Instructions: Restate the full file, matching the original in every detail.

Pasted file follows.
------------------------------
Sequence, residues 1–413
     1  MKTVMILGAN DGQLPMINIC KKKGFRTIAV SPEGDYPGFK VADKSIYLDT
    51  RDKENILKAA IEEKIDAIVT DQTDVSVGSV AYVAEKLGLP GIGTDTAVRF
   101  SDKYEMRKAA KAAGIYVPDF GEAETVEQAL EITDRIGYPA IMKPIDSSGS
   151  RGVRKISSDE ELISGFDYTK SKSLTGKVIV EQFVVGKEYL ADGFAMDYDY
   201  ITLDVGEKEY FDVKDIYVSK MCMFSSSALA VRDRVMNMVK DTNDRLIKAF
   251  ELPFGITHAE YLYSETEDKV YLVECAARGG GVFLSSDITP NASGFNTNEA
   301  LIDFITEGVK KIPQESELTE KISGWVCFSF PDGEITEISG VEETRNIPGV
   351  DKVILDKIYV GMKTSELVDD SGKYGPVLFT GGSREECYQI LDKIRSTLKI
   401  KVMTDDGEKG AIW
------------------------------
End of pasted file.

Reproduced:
Sequence, residues 1–413
     1  MKTVMILGAN DGQLPMINIC KKKGFRTIAV SPEGDYPGFK VADKSIYLDT
    51  RDKENILKAA IEEKIDAIVT DQTDVSVGSV AYVAEKLGLP GIGTDTAVRF
   101  SDKYEMRKAA KAAGIYVPDF GEAETVEQAL EITDRIGYPA IMKPIDSSGS
   151  RGVRKISSDE ELISGFDYTK SKSLTGKVIV EQFVVGKEYL ADGFAMDYDY
   201  ITLDVGEKEY FDVKDIYVSK MCMFSSSALA VRDRVMNMVK DTNDRLIKAF
   251  ELPFGITHAE YLYSETEDKV YLVECAARGG GVFLSSDITP NASGFNTNEA
   301  LIDFITEGVK KIPQESELTE KISGWVCFSF PDGEITEISG VEETRNIPGV
   351  DKVILDKIYV GMKTSELVDD SGKYGPVLFT GGSREECYQI LDKIRSTLKI
   401  KVMTDDGEKG AIW